Himachali food varies from region to region. The cuisine of Himachal Pradesh is largely based on the climate and topography of the state. While the everyday meal is the usual dal-chawal-subzi-roti, special dishes are cooked during festive occasions. Amongst festive food, the traditional meal, Dham (lunch served in traditional occasions) finds instant mention. The traditional Dham is celebrated with great enthusiasm. The dham offers one with an opportunity to be acquainted with the various delicacies of the state.
Dham is cooked only by botis (a particular caste of Brahmins who are hereditary chefs). Preparation for this elaborate mid-day meal begins the night before. The utensils used for cooking the food are normally brass ones called "Batohi", "Baltohi" or "Charoti" in local languages. It is served in courses to people who sit on floor. The food is served on leaf plates called pattal or pattlu( in local himachal kangra language). The Dham includes plain aromatic rice, fried pulses or dal, spicy vegetable curry of red kidney beans and many desserts to satisfy one’s appetite.
The traditional dham differs in every region of the state. The typical menu for dham would start with rice, moong dal and a madra of rajma(red kidney beans) or Chole ( chik pea) which is cooked in yoghurt which is prepared in unique style by adding approximately twenty spices . This is followed by mash dal, topped by khatta (sweet & sour sauce) made of tamarind and jaggery, the dham ends with the mitha bhatt (dessert) (Bhatt means rice in himachali language) – sweet rice or mithdee (made of boondi or bread crumbs etc.).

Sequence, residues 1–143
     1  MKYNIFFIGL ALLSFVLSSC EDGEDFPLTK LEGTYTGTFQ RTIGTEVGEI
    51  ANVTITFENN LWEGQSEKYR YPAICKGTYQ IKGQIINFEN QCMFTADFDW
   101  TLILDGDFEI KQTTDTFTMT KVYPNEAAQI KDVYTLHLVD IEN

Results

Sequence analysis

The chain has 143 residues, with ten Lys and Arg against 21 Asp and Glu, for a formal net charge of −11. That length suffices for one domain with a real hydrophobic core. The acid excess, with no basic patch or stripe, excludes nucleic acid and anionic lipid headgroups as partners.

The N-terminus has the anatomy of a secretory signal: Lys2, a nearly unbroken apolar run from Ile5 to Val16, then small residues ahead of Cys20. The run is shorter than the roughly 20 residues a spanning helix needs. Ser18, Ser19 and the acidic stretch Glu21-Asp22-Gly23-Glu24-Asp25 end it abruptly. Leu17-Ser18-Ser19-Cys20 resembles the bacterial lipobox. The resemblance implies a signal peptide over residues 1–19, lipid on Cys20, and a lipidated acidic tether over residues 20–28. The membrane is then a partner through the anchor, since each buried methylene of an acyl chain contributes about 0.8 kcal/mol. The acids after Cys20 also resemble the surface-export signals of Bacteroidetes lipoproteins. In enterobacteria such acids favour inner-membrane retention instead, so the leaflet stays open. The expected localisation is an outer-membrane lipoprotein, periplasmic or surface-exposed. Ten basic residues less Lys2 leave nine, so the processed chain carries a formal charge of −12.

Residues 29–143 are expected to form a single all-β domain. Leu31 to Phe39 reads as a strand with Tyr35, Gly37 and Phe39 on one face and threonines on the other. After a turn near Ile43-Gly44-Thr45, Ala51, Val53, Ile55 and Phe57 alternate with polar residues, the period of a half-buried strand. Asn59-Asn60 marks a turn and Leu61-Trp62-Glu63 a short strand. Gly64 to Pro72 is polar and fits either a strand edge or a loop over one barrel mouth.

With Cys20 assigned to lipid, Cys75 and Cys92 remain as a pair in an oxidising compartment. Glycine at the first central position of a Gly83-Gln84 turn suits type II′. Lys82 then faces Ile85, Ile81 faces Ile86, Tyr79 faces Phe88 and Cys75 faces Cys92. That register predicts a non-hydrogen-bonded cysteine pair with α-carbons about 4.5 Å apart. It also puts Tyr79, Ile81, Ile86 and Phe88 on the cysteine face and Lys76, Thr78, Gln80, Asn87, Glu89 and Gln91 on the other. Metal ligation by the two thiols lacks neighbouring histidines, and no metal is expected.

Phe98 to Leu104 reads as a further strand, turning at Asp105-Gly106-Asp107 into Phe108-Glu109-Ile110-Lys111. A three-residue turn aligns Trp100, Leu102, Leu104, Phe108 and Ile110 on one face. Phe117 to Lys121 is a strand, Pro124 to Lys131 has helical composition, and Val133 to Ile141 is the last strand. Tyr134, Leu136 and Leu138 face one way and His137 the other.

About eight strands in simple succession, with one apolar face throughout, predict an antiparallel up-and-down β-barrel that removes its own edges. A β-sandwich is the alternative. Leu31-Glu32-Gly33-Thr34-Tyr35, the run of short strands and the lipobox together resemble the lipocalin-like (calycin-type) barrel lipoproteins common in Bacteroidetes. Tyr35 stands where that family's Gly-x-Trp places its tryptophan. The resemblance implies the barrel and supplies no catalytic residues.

Dham is a mid day meal served to the people in himachali culture on the occasions of marriage, birthday party, retirement party or any religious days. In dham firstly cooked rice and a type of dal called moong dal is served. After that a kidney bean shaped pulse known as rajma (madra) is also served and then palda, khatta, maa ki daal and At the end meetha bhatt which means dessert is served including kheer made up of rice, milk and sugar.
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